College fair offers glimpse into the future for Hopi High’s juniors and seniors
POLACCA, Ariz. — Hopi High School held a college fair Oct. 7 in the school’s gym to let juniors and seniors know about future possibilities for them after they graduate, including starting an application for college.
Dushon Monongye, academic counselor for the sophomores, juniors and seniors, said the event went great.
“This allows the students to think about pathways after high school. Some have thought about it and some don’t discuss it at home,” she said.
Monongye said the college fair allows the juniors to start thinking about something after high school while it shows seniors the need to get their applications going. She said the event, sponsored by the Arizona High School Relations Program, had more colleges in attendance this year.
Some of those schools attending included Northern Arizona University, University of Arizona, Arizona State University, Coconino Community College, Carrington College, Eastern Arizona Community College, Maricopa Community Colleges, Utah State University, Arizona Culinary Institute, Navajo Tribe Grants and Scholarships, University of New Mexico and Phoenix College.
Monongye said people shouldn’t be asking what Hopi High School can do to prepare students for college, but what can the students do to prepare for college.
“Students should be hearing conversations and expectations at home,” she said. “Teachers are teaching, but how much are the students willing to learn? How much are the students asking questions? When they get bored at home they will realize they have to do something.”
Monongye said the college fair makes students aware of what colleges are available, what majors these colleges offer and what scholarships are available. She said the students attending the college fair were engaged, getting the information they needed and filling out forms to get more information.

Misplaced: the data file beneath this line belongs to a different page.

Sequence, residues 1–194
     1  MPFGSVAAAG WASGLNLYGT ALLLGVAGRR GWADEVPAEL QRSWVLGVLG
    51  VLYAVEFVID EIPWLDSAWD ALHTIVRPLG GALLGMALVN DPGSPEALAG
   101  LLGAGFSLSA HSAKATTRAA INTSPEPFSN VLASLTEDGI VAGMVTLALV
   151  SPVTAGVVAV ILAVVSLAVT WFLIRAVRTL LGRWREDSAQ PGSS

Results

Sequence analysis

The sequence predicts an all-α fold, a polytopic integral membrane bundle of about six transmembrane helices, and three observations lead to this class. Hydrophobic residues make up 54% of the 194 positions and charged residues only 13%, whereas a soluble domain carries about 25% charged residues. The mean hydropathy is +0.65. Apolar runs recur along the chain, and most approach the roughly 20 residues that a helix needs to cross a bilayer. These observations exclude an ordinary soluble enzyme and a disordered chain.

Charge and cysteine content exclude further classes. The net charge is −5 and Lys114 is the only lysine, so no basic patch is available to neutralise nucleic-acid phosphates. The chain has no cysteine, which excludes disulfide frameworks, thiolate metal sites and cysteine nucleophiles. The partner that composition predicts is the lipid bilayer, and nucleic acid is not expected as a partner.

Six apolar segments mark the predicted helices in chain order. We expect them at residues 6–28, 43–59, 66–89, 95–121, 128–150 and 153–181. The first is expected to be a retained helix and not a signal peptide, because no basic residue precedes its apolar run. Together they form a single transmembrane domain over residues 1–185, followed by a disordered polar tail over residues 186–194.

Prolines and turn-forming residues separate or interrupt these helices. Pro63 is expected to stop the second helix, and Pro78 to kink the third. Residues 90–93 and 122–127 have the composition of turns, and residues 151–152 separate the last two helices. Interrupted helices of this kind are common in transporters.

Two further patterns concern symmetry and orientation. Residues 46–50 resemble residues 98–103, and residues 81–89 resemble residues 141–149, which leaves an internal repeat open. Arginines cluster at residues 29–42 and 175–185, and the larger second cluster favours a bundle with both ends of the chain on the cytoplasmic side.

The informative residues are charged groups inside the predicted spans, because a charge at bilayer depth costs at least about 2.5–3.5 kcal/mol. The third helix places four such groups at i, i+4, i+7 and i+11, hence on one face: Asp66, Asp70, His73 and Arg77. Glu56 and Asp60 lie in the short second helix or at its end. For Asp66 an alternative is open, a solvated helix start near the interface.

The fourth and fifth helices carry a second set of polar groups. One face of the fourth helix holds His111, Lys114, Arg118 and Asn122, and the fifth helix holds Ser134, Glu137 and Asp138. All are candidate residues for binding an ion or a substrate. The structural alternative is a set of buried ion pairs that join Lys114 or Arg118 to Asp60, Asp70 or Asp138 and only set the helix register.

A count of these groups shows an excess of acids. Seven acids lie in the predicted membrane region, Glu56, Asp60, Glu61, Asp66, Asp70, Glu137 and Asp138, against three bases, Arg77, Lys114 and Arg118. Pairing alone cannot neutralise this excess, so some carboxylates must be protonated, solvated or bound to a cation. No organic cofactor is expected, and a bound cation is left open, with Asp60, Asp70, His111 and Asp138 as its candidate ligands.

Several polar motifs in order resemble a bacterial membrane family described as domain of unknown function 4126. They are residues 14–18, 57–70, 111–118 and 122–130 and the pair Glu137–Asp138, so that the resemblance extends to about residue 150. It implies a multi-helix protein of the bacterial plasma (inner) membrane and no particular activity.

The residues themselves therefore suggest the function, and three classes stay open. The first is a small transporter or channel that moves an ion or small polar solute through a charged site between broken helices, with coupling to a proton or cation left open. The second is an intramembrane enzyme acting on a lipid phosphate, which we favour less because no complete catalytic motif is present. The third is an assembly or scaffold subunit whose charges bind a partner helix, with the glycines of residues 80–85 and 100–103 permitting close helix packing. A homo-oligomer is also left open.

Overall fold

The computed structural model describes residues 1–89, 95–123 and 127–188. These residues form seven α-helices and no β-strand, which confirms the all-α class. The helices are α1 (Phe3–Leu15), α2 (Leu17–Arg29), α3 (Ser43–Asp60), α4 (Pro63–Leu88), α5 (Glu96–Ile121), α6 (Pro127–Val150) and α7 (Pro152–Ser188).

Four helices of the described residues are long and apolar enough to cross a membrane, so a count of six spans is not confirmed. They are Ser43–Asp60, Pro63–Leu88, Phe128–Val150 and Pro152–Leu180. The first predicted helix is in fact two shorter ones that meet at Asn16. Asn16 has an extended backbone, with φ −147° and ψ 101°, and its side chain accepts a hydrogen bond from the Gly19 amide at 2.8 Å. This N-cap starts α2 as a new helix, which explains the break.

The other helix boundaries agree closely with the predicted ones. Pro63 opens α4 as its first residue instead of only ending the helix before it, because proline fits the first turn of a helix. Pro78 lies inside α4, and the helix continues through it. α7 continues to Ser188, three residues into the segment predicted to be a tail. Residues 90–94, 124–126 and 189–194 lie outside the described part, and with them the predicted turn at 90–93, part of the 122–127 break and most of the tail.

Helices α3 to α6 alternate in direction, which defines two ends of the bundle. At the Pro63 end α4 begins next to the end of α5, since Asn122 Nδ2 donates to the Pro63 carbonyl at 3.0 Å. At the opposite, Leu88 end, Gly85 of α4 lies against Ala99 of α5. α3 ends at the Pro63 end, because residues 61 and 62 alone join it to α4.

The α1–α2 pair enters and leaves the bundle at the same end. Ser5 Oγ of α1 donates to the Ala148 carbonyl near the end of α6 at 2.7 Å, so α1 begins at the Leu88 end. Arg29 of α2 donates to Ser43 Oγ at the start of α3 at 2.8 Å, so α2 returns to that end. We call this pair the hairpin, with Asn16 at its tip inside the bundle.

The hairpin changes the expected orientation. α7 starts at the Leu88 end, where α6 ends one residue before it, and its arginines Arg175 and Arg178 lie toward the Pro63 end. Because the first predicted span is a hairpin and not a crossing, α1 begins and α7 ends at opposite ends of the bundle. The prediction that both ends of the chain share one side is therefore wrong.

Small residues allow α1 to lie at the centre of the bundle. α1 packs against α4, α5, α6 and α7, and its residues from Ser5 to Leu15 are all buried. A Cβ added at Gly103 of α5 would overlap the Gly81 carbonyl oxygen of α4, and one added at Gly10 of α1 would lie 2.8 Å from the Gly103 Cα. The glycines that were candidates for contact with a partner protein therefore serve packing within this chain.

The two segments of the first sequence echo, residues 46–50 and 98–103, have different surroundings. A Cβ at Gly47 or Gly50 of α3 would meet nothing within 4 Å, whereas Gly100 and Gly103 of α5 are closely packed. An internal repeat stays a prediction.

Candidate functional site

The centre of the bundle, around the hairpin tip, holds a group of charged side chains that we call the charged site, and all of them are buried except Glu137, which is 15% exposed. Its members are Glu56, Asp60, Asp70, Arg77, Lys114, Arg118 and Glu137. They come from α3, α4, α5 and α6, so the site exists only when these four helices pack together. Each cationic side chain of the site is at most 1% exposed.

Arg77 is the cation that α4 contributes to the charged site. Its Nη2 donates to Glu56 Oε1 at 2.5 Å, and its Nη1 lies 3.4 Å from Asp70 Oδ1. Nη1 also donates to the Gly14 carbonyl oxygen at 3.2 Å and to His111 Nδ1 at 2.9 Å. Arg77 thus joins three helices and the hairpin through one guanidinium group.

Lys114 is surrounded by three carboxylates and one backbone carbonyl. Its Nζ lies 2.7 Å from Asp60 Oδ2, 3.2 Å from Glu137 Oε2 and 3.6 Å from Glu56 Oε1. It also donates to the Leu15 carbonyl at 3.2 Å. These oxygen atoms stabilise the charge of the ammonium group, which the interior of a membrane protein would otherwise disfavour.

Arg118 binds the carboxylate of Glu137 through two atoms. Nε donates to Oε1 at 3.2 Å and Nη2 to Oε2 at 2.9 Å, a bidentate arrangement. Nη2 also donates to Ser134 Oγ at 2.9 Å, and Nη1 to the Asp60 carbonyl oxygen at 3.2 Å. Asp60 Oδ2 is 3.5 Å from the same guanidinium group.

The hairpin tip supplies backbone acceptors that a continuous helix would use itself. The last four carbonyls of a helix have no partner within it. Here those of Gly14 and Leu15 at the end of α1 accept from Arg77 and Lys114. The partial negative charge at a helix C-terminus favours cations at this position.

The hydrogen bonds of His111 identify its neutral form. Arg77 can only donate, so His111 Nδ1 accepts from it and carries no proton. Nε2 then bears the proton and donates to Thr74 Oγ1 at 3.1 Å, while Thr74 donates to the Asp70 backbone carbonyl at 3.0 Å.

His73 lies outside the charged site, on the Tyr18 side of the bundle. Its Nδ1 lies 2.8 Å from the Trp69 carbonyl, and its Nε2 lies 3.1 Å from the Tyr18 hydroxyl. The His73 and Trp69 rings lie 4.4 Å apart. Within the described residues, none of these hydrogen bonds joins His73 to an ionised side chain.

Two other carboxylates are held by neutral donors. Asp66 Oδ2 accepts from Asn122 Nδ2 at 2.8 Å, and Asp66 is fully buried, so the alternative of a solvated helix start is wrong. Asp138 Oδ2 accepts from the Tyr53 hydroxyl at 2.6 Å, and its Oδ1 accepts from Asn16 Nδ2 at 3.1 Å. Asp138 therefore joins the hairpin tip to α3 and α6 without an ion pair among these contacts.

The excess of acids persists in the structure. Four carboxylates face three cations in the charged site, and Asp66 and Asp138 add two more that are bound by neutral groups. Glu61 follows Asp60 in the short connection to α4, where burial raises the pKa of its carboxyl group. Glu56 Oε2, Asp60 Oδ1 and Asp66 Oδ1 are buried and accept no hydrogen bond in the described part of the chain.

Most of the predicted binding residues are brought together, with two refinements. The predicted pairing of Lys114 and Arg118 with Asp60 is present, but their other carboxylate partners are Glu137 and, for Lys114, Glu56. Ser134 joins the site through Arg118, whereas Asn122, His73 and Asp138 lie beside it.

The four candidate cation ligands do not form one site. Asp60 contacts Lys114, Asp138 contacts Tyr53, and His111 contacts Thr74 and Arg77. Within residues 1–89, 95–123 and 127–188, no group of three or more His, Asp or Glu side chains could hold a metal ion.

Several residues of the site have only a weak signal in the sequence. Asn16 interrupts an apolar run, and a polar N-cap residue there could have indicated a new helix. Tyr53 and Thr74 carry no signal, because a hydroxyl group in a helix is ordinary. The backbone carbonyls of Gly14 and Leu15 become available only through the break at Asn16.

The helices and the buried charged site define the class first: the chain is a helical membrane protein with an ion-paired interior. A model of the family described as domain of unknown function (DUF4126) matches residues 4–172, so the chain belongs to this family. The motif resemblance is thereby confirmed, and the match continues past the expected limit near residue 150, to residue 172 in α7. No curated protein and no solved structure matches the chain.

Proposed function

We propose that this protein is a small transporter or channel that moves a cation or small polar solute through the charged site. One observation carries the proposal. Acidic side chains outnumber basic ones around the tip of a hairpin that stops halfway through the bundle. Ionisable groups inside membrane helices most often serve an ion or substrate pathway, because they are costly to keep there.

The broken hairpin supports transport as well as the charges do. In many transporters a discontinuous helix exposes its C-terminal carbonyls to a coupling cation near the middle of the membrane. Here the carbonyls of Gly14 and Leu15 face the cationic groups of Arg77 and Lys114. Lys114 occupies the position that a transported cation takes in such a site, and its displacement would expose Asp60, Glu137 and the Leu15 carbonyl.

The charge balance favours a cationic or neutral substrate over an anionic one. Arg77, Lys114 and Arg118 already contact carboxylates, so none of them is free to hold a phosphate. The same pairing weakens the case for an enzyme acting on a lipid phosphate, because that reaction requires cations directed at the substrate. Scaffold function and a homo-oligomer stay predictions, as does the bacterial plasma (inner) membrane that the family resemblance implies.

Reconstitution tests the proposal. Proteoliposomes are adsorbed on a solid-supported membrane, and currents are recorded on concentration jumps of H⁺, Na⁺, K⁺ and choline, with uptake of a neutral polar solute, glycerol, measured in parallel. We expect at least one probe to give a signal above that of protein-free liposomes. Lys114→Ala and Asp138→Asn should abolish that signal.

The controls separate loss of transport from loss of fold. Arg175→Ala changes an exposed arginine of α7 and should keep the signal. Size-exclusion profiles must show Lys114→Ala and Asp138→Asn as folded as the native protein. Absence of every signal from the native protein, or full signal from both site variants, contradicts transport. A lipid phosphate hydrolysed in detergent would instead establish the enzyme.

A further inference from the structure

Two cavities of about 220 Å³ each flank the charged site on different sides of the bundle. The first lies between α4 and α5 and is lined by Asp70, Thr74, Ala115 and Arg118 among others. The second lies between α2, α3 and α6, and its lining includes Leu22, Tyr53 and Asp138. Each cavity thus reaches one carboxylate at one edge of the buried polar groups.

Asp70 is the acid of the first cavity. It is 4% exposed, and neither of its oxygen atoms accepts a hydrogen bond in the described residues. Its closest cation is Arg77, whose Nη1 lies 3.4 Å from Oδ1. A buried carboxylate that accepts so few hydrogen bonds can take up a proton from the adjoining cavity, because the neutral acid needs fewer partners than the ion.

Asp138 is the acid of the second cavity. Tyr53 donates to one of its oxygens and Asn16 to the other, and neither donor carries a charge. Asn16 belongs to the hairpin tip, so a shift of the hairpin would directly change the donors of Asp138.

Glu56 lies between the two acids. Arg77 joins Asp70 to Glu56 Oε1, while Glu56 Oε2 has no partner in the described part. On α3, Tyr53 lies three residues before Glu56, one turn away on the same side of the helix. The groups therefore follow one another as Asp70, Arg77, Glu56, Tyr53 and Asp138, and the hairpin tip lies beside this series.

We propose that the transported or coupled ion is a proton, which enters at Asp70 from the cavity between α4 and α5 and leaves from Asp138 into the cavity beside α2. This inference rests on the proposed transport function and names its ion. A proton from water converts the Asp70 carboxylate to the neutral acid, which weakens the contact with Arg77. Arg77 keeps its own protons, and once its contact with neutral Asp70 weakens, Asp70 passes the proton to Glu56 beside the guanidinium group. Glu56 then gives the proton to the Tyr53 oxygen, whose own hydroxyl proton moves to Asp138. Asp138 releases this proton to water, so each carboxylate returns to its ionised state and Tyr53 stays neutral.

“It’s first hand contact with the representative,” she said.
Monongye went into classes the previous week to tell the students what questions they needed to ask, such as finding out what the requirements are for scholarships or how to get admission into the college they want to attend.
“More and more students are becoming aware that they have to pursue a higher education to be successful,” she said.
Twenty-three students from last year’s graduating class are now in college. Monongye has challenged this year’s senior class to see if they can top that mark.
“Just don’t sit at home. The job isn’t going to come to you,” she said.
Breana Saufkie, a senior, said the college fair was interesting because she learned about new opportunities at various colleges.
“It had me breakdown what colleges I already had in mind,” she said.
Saufkie is considering the University of Arizona, Ft. Lewis College and Carrington College to major in public health and maybe minor in journalism.
“The college fair gave me a good idea of how much college will be. Some colleges offered information about how they could help you pay for your tuition,” she said.